“Screaming Times: Poems” by Natasha Ria El-Scari is the newest book in the monthly POP Poetry book series. Its verse illustrates the vibrancy of this community project.
The POP Poetry series, sponsored by Prospero’s Books on West 39th Street, highlights one poet each month by holding debut readings at the store and supporting Spartan Press, which publishes the collections. Jason Ryberg, an editor at Spartan Press, says, “Kansas City is known for its music and art scenes. We bring attention to the writing scene.” Other editors are Will Leathem, who co-owns Prospero’s Books, and Stephanie Powers.
El-Scari, a native of Kansas City, uses a consistent, strong voice throughout the poems in “Screaming Times.” Poems lift off the page, almost reading themselves. Unlike some performance poetry, her words translate well to the printed page. She celebrates women’s roles in “The Sacred Assignment Called Mother,” where “to be mother is to be God in skin.” Poems addressed to mothers, daughters and sons are among the poet’s strongest.
“The Secret Life of Black Mothers” is a wrenching catalog of fears that African-American mothers experience when watching a son grow. El-Scari writes, “With each milestone to manhood, we weep.” The narrator celebrates a maturing child’s “wit” and “the new bass in your resonating voice.” The poem continues with “We black mothers weep/when we know we have to release/you to the movies with your friends.” This simple social activity becomes sinister in context of mortality statistics for young African-American men. The narrator uses the refrain “we weep” effectively to emphasize emotion.
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Another important poem is “Whisper This to a Grieving Mother,” which ends, “Find comfort in your heart’s blaze, you are and always will be a mother.” The subtext is shared grief from continuing violence, a too-relevant topic.
Some titles are themselves poems, like “for my second grade daughter who almost shut down when school was too much.” This suggests a story, but the poem omits events and instead proposes a remedy, strength, “Summon the bottom of the ocean/where your ancestors restlessly rest.” Rage against injustice fuels much work in this collection. “Why I Haven’t Written a Trayvon Martin Poem Yet” is a powerful indictment of sensationalized media coverage.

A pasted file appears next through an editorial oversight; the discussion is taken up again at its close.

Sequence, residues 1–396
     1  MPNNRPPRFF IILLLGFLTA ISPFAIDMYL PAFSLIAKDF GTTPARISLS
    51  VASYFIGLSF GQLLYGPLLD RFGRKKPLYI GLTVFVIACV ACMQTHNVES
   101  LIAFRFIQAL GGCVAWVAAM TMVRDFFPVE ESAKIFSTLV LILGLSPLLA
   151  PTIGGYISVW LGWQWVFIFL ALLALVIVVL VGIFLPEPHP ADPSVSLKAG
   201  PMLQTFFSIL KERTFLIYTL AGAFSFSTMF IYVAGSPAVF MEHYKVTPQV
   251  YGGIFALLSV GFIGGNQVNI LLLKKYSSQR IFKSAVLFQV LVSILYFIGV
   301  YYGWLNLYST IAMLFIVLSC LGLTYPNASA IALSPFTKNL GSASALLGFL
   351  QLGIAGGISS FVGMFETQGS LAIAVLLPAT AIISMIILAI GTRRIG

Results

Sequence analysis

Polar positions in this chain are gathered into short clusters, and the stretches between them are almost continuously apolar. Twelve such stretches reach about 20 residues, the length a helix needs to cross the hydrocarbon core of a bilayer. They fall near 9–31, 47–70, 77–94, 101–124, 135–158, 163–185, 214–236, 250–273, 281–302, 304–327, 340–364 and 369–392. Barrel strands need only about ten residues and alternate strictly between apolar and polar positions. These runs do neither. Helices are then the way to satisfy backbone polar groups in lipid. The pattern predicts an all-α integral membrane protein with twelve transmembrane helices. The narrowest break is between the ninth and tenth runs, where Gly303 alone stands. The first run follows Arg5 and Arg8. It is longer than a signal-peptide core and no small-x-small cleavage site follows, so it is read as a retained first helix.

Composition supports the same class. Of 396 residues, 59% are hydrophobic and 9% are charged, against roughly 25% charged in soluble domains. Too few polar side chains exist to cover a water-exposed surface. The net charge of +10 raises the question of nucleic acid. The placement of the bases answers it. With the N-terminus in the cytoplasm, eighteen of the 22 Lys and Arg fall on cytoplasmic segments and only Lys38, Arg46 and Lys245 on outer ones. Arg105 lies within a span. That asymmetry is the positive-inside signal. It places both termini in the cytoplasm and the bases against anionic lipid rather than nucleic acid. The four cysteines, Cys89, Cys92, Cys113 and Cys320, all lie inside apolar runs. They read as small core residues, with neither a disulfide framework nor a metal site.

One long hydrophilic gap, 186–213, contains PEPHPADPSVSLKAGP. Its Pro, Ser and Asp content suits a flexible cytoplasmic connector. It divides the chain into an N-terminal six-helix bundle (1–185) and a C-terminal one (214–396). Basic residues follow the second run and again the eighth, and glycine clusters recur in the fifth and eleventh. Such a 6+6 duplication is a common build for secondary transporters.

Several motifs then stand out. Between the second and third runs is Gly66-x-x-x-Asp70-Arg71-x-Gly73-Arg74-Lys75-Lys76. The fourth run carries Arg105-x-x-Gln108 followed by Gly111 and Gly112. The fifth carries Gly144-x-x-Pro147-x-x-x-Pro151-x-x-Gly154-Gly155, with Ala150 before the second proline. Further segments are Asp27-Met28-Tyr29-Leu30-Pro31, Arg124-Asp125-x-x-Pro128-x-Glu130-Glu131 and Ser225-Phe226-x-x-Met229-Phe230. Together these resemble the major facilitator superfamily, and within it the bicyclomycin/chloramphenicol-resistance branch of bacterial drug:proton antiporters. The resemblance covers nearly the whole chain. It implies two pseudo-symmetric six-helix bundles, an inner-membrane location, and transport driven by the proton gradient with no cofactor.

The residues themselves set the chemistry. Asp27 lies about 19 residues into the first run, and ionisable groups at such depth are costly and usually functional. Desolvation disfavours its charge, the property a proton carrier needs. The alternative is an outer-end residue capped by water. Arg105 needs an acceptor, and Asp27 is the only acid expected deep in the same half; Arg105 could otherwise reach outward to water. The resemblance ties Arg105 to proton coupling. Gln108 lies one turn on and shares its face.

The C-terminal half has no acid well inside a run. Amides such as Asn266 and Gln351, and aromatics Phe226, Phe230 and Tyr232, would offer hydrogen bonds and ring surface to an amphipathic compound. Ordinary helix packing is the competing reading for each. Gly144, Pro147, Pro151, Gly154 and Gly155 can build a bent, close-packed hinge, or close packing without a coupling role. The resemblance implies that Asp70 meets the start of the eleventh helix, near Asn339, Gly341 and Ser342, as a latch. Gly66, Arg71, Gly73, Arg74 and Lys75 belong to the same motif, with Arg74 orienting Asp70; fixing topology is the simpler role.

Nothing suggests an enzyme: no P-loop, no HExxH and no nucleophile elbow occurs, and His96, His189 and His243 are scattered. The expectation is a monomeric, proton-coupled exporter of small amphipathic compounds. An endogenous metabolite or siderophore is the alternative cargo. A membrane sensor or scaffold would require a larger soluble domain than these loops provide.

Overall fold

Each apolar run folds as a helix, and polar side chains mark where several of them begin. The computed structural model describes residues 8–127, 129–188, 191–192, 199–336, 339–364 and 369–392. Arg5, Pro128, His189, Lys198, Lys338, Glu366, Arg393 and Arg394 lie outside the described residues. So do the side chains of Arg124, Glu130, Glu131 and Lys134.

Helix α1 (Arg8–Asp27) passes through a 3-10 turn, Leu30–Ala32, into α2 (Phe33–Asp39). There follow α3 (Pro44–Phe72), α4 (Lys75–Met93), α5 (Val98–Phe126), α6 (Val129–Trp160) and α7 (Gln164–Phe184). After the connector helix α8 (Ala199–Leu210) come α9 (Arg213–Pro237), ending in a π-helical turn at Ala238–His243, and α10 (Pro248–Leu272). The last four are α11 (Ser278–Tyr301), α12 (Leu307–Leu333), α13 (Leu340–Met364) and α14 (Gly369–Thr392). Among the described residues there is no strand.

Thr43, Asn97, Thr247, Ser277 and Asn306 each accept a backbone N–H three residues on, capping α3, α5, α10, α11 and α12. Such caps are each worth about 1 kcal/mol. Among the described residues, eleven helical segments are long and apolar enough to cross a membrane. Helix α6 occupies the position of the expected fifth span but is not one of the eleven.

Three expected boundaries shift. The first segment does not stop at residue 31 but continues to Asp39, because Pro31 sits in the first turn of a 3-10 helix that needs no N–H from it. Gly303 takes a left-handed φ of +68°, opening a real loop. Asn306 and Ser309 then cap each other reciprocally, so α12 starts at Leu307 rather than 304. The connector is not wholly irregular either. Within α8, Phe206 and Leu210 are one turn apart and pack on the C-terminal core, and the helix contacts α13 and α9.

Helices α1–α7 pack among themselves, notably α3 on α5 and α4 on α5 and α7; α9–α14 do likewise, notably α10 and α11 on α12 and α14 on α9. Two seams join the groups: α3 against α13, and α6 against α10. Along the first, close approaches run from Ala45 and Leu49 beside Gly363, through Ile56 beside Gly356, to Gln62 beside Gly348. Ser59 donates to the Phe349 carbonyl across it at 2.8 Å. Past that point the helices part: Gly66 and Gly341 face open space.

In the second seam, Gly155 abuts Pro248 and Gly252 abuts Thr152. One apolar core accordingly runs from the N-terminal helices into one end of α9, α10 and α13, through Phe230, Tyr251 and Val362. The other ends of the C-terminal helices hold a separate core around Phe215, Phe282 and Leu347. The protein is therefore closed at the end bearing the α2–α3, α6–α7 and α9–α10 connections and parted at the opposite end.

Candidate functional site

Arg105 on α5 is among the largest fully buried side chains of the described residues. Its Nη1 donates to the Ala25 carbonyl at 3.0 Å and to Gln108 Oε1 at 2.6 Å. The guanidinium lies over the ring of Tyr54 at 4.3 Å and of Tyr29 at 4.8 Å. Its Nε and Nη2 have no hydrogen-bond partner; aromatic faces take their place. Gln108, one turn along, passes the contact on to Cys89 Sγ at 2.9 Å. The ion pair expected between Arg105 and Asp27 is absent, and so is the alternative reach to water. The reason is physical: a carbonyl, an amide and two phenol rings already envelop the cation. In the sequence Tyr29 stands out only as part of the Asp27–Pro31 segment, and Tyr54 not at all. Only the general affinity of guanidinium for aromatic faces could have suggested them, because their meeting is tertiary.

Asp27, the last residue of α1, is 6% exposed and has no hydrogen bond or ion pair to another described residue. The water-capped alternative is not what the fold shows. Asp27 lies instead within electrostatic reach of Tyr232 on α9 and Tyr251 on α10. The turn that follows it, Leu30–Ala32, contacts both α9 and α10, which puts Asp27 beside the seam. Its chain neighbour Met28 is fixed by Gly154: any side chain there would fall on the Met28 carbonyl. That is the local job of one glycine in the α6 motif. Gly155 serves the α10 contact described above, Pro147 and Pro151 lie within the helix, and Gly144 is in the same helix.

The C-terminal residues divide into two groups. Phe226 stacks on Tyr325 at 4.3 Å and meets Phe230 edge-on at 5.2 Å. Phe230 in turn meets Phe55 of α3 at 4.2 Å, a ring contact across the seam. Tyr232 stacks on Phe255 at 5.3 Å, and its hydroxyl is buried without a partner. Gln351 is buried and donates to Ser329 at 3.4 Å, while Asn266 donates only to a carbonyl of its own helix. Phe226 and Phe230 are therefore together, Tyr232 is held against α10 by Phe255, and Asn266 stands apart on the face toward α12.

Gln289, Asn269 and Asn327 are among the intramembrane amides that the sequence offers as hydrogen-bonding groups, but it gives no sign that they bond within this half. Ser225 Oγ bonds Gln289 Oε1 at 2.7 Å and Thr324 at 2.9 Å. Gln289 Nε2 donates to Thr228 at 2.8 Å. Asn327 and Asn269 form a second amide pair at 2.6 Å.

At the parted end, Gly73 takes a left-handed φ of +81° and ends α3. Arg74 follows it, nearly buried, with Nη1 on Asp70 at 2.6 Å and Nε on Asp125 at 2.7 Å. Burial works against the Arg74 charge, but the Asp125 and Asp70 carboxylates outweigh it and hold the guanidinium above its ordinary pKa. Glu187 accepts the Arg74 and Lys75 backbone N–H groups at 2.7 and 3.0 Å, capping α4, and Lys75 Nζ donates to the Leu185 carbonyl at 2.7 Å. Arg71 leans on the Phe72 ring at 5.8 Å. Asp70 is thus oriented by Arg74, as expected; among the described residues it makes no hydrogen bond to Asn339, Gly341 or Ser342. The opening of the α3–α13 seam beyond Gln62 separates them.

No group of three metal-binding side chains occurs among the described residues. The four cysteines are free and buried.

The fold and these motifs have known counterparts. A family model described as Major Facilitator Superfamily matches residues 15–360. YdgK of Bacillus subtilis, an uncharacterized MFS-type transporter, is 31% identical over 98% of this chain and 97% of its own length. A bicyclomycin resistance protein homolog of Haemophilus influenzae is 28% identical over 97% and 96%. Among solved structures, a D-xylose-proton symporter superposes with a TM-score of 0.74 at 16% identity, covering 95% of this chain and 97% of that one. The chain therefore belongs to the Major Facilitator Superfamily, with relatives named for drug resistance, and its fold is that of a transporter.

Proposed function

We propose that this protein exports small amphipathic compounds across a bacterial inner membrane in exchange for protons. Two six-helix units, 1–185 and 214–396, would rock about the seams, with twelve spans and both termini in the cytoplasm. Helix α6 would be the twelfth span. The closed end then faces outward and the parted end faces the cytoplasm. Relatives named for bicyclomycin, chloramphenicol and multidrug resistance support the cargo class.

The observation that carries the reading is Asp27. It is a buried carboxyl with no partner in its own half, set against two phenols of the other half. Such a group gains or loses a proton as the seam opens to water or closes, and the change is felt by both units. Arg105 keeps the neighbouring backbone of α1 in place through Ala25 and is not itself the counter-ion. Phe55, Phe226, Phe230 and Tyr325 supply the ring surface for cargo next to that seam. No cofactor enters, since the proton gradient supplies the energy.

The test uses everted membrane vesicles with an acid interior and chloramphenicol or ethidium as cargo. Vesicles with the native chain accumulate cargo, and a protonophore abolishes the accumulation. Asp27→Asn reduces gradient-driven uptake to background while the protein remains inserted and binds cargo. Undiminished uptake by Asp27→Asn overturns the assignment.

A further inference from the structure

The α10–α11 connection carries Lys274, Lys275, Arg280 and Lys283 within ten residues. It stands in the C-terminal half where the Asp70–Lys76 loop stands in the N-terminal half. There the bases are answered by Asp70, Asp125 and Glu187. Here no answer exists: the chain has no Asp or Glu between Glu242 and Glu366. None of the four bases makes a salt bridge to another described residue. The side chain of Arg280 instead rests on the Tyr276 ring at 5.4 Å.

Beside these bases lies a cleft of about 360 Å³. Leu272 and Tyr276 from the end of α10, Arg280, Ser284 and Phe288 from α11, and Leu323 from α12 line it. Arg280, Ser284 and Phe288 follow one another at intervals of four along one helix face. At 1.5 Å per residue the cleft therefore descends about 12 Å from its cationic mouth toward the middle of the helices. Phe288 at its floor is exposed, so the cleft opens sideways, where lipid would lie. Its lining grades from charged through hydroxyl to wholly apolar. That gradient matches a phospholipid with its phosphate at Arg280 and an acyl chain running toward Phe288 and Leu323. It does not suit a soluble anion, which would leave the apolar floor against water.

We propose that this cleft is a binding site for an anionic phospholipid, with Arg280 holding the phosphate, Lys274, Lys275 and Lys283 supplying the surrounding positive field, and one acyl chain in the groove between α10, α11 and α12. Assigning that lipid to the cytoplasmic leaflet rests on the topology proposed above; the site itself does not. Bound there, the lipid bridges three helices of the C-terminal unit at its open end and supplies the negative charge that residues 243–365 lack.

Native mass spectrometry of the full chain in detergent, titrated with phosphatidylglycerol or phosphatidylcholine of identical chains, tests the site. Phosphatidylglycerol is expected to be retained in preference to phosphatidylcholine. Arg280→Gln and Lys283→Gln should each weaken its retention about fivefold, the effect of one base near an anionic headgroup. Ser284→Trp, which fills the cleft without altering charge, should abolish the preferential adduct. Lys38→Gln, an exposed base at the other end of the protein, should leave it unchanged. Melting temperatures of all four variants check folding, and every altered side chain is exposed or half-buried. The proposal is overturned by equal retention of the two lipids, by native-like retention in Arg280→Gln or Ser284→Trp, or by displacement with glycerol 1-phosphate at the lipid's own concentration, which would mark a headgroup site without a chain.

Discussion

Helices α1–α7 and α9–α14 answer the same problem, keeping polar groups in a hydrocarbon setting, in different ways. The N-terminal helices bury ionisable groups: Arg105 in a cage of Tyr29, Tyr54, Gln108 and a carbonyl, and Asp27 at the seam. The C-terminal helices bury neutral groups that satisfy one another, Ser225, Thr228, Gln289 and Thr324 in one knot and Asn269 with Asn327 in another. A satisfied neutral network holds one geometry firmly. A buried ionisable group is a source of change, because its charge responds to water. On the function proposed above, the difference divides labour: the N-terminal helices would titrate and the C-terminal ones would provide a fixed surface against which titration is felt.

Humor leavens the tragedies in “Screaming Times,” including a celebration of women’s sisterhood in public bathrooms (“Sanctuary”) and diva training (“Definition of a Diva”). The language moves effortlessly in conversational phrasing that briefly loosens too far but always returns to searing-hot lines.
El-Scari is a graduate fellow of the prestigious Cave Canem writers’ retreat and has a master’s in creative writing from the University of Missouri-Kansas City. Her book is the ninth in the POP Poetry series. Its intensity typifies all these publications.
Other POP Poetry poets are Leathem, Powers, Jose Faus, Sharon Eiker, Al Ortolani, Iris Appelquist, Ezhno Martin and Crista Siglin. Most books are sold out. A recent Inspiration grant from Arts KC will support reprints plus a 2016 monthly round of books.
The October poet in the series is Glenn North. To finish out the year, Spartan will publish books by Angela Roux and Shawn Pavey. The writing community makes the energetic POP Poetry project, with its monthly readings, as impressive as any of the Kansas City arts.
Denise Low is author of “Melange Block” and Kansas poet laureate 2007-09.
“Screaming Times: Poems” by Natasha Ria El-Scari (74 pages; Spartan Press; $10)
Glenn North book release
POP Poetry Book Release will be 8 p.m. Saturday, Oct. 24, at Prospero’s Books, 1800 W. 39th St.